During dinner, Connie identifies a fellow patron, the televangelist Jonathan Whirley (Plummer), as the P.A.G.A.N. leader that threw her into the pit. Whirley is a highly respected community leader, who is dining with Capt. Bill Gannon (Morgan), Commissioner Kirkpatrick (Ashley). Despite Streebek's warnings, Friday see the perfect opportunity to arrest Whirley while waiting for him to come out of the bathroom stall. Friday brings Whirley in handcuffs over to Gannon and Kirkpatrick's table where Kirk Patrick orders Friday to remove the cuffs immediately from Whirley. She then relieves Friday from duty and leaves the restaurant with Whirley. Outside the restaurant Gannon takes Friday's gun and badge and threatens Streebek to stay away from Whirley.

While waiting for valet, Granny Mundy mentions that she is still hungry and agrees to chili dogs with Streebek. The two leave on his bike leaving Friday and Swail to drive home alone. While on the away the decided to park on a hill to discuss the events of the evening. In mid kiss Connie and Friday are kidnapped by Muzz and taken to the Griffith Observatory where Whilrey is waiting. They are tied up while Whirley divulges them in his plan to use the Bait Magazine Reunion party at Caesar's mansion to kill Caesar and the mayor, using the stolen chemicals.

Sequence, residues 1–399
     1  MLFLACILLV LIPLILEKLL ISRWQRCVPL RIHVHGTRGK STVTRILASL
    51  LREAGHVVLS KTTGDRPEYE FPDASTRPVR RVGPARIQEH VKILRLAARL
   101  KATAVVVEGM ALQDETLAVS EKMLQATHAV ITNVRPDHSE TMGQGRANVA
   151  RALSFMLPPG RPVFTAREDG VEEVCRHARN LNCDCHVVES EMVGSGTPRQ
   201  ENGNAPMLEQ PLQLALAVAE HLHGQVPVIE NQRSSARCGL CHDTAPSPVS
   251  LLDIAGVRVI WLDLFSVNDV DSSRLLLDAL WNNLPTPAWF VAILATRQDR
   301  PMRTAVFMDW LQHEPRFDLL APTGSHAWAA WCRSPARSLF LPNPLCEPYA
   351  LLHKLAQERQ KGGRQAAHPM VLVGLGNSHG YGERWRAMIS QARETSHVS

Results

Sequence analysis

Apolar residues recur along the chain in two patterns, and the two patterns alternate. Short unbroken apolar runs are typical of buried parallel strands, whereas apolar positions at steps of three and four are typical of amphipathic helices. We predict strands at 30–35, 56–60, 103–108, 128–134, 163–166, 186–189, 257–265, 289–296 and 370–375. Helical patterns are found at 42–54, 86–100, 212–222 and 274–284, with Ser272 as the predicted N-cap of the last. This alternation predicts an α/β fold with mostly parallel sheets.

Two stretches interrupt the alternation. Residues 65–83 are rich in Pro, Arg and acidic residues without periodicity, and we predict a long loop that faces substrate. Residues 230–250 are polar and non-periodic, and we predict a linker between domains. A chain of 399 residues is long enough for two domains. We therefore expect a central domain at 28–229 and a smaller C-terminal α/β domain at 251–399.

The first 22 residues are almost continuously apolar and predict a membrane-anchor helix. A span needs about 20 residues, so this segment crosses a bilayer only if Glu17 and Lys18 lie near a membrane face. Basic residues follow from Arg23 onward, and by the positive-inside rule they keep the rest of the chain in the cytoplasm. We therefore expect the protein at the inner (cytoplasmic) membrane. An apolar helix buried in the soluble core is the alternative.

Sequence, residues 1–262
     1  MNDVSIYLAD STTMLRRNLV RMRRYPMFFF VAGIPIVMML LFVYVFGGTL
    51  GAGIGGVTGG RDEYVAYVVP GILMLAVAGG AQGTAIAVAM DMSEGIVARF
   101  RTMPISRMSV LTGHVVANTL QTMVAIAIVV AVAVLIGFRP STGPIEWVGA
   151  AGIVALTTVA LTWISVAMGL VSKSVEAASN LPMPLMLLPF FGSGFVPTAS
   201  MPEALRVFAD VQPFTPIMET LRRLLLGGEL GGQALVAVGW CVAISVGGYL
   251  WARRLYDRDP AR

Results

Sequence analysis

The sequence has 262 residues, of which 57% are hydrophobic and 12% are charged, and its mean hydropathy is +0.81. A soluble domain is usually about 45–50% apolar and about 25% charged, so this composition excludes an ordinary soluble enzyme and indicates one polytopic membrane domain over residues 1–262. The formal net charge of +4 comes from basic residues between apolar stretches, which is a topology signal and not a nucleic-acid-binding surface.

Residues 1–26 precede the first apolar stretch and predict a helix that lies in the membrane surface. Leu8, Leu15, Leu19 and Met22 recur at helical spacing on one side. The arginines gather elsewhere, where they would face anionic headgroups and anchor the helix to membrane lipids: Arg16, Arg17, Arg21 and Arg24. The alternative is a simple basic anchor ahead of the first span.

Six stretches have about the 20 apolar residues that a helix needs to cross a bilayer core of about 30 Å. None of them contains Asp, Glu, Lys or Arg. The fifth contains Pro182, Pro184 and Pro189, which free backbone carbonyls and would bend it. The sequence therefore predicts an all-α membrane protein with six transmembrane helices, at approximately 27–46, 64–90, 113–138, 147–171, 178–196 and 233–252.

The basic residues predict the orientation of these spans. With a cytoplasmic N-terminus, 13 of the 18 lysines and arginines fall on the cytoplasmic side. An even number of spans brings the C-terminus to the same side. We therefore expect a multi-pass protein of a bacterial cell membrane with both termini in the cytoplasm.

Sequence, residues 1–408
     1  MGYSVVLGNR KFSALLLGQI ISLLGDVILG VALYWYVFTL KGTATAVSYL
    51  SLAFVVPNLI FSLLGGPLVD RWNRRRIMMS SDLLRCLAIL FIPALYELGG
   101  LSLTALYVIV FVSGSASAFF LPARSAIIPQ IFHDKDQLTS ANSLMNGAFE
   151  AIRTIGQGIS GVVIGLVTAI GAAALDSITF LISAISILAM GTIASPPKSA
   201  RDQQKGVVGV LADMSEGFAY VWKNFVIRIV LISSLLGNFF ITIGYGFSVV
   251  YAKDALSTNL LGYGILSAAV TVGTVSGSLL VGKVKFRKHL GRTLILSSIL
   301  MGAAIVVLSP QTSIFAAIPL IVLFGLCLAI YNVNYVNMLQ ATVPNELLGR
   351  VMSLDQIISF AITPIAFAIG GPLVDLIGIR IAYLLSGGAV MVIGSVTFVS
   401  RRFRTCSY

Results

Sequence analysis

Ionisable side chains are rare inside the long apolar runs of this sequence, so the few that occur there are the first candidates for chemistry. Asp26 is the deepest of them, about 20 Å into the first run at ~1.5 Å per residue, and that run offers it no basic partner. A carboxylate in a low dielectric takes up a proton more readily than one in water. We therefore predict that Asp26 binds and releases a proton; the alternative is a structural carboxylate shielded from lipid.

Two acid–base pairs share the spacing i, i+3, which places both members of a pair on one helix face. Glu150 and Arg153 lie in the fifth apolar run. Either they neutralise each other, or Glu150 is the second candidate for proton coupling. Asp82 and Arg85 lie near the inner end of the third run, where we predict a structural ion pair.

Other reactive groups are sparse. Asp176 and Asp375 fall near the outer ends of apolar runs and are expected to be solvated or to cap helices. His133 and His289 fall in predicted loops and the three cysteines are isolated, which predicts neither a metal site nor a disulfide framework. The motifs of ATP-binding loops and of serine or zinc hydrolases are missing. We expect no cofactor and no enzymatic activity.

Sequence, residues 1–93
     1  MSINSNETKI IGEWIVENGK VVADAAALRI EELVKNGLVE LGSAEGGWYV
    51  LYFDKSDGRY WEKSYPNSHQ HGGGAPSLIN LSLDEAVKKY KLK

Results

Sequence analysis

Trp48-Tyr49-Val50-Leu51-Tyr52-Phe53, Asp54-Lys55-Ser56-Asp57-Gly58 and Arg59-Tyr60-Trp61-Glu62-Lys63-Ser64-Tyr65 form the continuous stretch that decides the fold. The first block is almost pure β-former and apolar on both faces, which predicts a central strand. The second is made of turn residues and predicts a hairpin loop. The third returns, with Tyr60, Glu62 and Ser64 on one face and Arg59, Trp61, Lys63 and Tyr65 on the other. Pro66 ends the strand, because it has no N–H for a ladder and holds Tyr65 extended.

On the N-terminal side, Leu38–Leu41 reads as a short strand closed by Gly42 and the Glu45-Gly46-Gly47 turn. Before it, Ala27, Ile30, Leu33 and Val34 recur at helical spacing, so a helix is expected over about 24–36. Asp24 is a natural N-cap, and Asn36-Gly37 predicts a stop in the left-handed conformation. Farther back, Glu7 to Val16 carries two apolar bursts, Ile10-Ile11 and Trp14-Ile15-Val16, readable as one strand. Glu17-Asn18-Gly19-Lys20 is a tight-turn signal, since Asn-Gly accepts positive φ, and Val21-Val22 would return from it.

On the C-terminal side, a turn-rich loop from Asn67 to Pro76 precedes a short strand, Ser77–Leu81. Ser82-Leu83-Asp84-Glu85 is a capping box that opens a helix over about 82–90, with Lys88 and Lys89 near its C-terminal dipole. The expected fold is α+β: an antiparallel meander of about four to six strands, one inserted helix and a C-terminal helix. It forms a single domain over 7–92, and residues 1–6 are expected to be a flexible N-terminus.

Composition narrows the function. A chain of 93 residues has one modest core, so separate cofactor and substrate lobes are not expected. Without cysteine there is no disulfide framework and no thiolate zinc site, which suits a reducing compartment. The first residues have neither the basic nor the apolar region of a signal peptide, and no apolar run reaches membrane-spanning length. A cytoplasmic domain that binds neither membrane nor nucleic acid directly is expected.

Friday leads a SWAT team on a raid on Caesar's mansion. During the ensuing shootout between the P.A.G.A.N.s and the police, Whirley takes Connie to the airport, where he escapes in his private Learjet. His getaway ends when the now reinstated Friday pursues him in a Northrop F-5 police jet, forcing him to return to Los Angeles and land.

An epilogue reveals that Friday is still working with Streebek and dating Connie.

Cast[edit]

Production[edit]

The script had been written by Dan Aykroyd and Alan Zweibel. Tom Mankiewicz, who had a deal at Universal, was brought in to work on it with them. Ted Kotcheff was originally attached to direct but did not like the draft the three writers had come up with so Frank Price at Universal suggested Mankiewicz direct.[3][4]